About the Park
The land that is today known as White Clay Creek State Park includes parts of the boundary line made famous by Mason and Dixon, who began their historic survey at “a post mark’d west,” a location that lies within the park.
As overdevelopment in the northern part of the state became a matter of increasing concern in the late 1960s, the state began to purchase lands adjoining a small recreational park, which in 1975 became known as Walter S. Carpenter State Park. State land acquisitions and donations from the Du Pont family and others eventually enlarged the park to over 3,600 acres. It was renamed White Clay Creek State Park in 1995. The White Clay Creek was named a National Wild and Scenic River by the National Park Service in 2000, which added an additional layer of protection to the area.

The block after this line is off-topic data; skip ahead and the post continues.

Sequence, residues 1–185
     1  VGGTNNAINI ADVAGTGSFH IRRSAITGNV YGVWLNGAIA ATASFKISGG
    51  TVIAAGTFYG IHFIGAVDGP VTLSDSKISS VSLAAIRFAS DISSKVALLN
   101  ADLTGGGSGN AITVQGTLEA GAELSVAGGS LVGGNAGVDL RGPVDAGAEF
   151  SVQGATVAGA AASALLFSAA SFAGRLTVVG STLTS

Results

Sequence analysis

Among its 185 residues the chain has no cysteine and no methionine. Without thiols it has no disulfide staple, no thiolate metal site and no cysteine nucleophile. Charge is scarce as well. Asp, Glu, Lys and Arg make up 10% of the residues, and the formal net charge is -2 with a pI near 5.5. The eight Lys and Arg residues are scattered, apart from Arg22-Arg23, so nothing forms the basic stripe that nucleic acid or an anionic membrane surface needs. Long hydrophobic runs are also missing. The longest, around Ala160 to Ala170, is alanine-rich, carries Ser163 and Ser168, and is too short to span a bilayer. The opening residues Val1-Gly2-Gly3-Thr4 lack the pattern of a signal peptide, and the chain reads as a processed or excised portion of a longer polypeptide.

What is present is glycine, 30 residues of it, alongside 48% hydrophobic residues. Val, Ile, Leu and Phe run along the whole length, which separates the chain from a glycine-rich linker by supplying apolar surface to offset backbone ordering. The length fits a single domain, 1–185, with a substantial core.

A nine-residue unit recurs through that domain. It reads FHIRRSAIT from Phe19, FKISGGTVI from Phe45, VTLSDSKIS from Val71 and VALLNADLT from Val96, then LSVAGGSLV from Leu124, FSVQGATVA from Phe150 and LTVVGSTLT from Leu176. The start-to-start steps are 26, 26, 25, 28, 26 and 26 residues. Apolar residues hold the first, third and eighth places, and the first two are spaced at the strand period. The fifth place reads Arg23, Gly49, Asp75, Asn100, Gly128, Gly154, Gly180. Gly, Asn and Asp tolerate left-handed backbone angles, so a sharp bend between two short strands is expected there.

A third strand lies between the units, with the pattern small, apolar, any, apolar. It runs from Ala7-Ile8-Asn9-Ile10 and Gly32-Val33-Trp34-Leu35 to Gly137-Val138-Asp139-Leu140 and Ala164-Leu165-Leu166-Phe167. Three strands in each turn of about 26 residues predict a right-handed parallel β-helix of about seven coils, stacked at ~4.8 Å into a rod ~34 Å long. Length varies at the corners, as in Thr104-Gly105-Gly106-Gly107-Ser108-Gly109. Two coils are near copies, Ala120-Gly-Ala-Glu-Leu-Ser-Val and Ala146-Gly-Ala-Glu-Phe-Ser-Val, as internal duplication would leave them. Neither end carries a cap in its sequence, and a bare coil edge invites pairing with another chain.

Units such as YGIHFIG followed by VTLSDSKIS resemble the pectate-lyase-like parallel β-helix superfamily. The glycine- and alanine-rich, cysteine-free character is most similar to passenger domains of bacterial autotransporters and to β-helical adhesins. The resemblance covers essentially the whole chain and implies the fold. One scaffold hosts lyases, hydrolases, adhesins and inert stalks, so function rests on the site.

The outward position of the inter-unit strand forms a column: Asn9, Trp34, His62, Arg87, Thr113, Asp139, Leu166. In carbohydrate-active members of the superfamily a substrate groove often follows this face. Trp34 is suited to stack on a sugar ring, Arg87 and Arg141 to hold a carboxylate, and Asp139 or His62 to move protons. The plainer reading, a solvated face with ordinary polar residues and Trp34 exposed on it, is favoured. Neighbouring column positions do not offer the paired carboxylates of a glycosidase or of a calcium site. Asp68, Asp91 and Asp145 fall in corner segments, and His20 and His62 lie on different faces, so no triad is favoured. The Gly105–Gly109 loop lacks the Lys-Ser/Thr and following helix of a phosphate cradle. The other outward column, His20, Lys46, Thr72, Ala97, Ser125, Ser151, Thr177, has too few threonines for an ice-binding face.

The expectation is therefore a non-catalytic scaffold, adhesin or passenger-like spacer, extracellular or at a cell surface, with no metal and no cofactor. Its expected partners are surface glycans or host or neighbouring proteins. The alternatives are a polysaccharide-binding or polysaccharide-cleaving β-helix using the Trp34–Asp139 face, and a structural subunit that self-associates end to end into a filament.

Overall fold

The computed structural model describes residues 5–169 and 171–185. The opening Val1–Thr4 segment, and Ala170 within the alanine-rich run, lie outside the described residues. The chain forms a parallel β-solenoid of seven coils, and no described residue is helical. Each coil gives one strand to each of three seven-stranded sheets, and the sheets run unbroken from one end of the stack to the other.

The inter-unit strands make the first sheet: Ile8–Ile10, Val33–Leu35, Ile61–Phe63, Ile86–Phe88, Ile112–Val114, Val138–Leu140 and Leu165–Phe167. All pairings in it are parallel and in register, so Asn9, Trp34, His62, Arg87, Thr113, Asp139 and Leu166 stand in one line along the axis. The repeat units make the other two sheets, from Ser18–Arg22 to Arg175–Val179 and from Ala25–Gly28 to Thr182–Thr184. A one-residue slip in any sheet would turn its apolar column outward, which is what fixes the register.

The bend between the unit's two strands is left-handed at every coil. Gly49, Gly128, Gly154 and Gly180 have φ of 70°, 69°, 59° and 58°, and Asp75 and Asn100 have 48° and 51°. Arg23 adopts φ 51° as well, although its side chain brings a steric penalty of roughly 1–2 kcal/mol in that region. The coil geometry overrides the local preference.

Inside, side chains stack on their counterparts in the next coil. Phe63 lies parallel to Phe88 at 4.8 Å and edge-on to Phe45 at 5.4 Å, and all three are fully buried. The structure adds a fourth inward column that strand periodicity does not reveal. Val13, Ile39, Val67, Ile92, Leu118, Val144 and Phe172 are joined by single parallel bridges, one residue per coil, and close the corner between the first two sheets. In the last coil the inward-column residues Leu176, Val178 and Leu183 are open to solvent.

Organized Youth Camping
Deerfield Golf and Tennis Club
Disc Golf Course
Nature Store (located inside park office)
Millstone and Cattail Ponds offer year-round fishing for bluegill and crappie, and a catch-and-release program for largemouth bass. The White Clay Creek offers anglers the opportunity to fish for stocked rainbow and brown trout. Trout fishing opens the first Saturday in April. A fishing license is required at all times when fishing. A trout stamp is required April through June 30th and again October through November. The creek closes to all fishing two weeks prior to the opening day of trout season.
Hiking and Biking
Over 37 miles of trails lead explorers to historic sites and scenic vistas overlooking lush valleys and impressive rock outcrops. Hikers and mountain bikers enjoy the large number of easy-to-moderate trails throughout the park. Of special interest are those at Possum Hill and the Judge Morris Estate, along with the Pomeroy Rail-Trail, which runs alongside White Clay Creek.